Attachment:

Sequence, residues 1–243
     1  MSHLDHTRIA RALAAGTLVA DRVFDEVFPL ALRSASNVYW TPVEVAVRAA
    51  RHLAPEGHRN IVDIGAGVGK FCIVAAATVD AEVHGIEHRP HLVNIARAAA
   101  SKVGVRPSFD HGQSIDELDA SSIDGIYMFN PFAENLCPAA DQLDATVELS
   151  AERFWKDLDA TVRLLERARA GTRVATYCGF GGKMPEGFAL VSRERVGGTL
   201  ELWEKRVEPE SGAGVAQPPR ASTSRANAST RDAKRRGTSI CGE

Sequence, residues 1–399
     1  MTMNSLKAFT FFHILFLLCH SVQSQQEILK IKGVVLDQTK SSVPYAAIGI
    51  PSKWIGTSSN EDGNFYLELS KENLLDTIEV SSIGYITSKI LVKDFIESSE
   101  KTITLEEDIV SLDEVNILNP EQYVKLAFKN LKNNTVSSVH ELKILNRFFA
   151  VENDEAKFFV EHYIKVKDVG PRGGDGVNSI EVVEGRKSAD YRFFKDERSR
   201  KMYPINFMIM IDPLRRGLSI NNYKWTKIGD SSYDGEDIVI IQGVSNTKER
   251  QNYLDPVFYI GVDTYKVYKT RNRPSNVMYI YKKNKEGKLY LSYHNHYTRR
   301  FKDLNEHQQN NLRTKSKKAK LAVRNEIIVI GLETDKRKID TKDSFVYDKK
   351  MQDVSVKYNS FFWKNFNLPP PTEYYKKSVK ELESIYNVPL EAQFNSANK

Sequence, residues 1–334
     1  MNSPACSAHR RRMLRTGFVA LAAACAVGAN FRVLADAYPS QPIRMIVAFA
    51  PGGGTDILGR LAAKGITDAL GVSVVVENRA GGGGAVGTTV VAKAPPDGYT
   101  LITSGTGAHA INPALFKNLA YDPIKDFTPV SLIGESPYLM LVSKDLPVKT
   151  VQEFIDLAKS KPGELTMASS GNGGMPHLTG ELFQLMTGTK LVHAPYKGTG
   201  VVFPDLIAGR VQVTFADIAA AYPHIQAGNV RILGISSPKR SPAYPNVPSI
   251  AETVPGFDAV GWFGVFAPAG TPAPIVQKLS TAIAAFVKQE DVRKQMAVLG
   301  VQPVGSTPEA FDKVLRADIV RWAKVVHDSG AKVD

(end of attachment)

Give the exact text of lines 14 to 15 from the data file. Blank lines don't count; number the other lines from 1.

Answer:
   301  FKDLNEHQQN NLRTKSKKAK LAVRNEIIVI GLETDKRKID TKDSFVYDKK
   351  MQDVSVKYNS FFWKNFNLPP PTEYYKKSVK ELESIYNVPL EAQFNSANK